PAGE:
Amateur radio has been in existence long enough and maintained a large enough audience to have attracted its fair share of brilliant innovators, eclectics, oddballs, and even a few miscreants over the years. On balance I like to think that history will be kind to our fraternity, but good things seldom attract as much attention as bad.
You might think that cheating on a contest score or at the game of DX was the most harm an enthusiast could inflict on amateur radio. As scandalous as those things might seem to us it wouldn’t begin to move the interest needle for popular news media.
But when ham radio played a role in a cult that turned to mass suicide and assassination of an American congressman and his envoy, well, that certainly grabbed headlines. It just wasn’t the kind of attention that endeared the general public to our hobby.
WIKIPEDIA: The Peoples Temple Agricultural Project, better known by its informal name “Jonestown”, was a remote settlement in Guyana established by the Peoples Temple, a U.S.-based cult under the leadership of Jim Jones. Jonestown became internationally infamous when, on November 18, 1978, a total of 909 people died at the settlement, at the nearby airstrip in Port Kaituma, and at a Temple-run building in Georgetown, Guyana’s capital city.
There are more than enough online references (and movies) about those events in Jonestown to fill your browser reading time for a month. Search for them up if you’re really interested.
But as a radio enthusiast you might find this tiny, behind the scene look at the role played by amateur radio, and the ARRL reaction in the immediate aftermath of what went on in Jonestown.
The following snippet was lifted from the December 19, 1978 edition of the West Coast DX Bulletin (50-78) published weekly from 1968 to 1979 by Hugh Cassidy, WA6AUD (SK).
The ARRL was not exactly enthusiastic about the operations from the Peoples Temple and some violations, or apparent violations, had been called to their attention.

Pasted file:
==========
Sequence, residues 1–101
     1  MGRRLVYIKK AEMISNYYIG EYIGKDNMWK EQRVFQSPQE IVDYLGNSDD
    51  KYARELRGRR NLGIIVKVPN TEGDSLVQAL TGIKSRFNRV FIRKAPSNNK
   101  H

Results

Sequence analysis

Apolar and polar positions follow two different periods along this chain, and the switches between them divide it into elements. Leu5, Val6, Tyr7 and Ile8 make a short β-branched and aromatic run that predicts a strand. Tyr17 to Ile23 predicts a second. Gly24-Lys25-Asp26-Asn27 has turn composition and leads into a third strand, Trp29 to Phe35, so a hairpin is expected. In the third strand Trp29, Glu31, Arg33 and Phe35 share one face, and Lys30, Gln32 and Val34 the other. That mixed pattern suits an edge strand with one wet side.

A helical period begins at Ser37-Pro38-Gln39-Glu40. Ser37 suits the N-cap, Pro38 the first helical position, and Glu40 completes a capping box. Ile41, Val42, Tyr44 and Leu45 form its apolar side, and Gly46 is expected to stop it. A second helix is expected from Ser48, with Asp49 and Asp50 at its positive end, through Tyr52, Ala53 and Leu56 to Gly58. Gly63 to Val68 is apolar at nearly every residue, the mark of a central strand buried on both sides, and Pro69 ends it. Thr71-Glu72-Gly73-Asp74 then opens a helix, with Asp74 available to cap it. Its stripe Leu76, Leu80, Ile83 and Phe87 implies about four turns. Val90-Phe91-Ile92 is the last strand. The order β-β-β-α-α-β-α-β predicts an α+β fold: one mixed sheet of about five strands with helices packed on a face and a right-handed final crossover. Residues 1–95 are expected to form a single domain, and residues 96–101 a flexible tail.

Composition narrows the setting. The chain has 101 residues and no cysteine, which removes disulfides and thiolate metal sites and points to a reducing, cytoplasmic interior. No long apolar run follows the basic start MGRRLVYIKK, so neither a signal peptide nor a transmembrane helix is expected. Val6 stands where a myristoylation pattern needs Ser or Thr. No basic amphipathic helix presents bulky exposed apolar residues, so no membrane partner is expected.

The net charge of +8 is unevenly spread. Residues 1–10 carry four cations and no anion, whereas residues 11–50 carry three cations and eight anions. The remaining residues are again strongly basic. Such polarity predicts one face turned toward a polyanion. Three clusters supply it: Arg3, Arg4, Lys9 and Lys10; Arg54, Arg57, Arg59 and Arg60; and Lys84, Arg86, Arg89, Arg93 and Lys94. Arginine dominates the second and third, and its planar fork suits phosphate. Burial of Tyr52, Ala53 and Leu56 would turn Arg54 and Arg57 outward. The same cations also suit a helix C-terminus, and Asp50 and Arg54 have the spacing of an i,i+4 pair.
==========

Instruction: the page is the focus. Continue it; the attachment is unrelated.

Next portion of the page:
Back in the summer of 1977 the traffic from the People’s Temple in Guyana to San Francisco indicated that amateur radio was one of their main means of communications. Acting on complaints, the ARRL wrote to WB6MID/8R3, the reply received said their work was so important that there should be no worry about detractors who were part of a conspiracy against the temple.
Violations of Articles 41 and 97 of the rules were discussed with the FCC and assurance was given that the FCC was aware of things and was handling things in their own way. Subsequent to the Guyana disaster it was learned that one U.S. amateur was fined heavily and a considerable number of notices of violations were mailed by the Commission to various U.S. licensed offenders.
In 1978 the communications became more and more encrypted until over 80% of the communications to and from Jonestown were heavily encrypted–from the traffic itself to schedUles and frequencies. Most U.S. amateurs who worked WB6MID/8R3 received the elaborate QSL card with propaganda on the Temple’s work. Some did not receive QSLs and often the Jonestown operators were soliciting financial contributions, running phone patches and asking for supplies to be sent to them. It appears a good many well-meaning amateurs complied with these requests.
The ARRL representative who pursued the matter with the FCC received about a hundred letters admonishing him and the ARRL to cease and desist, that the use of amateur radio by the Temple was essential to their operations and that it’s use was justified by this fact. Some of the letters contained threats that if there was not a stop to the objections to the Temples operations, the ARRL representative could be stopped. These letters went to the FBI.
Gerald Zuckerman is the FCC official handling the case. He has made efforts to convince the press that amateur radio cannot be held responsible for the actions of some misguided individuals. The FCC also noted that it issued citations to individuals involved in the Temples work for violating FCC Regulations 97.114, 97.117, 97.121, 98.87a, 97.61 and 97.123. These range from third party traffic violations to out-of-the-band operations.
Since the disaster, the ARRL has received approximately seventy phone calls from the media seeking information. The ARRL has replied to these inquiries, making it abundantly clear that the ARRL since the very beginning of Jonestown has been firmly on record as opposing the illegal use of Amateur Radio for their communications.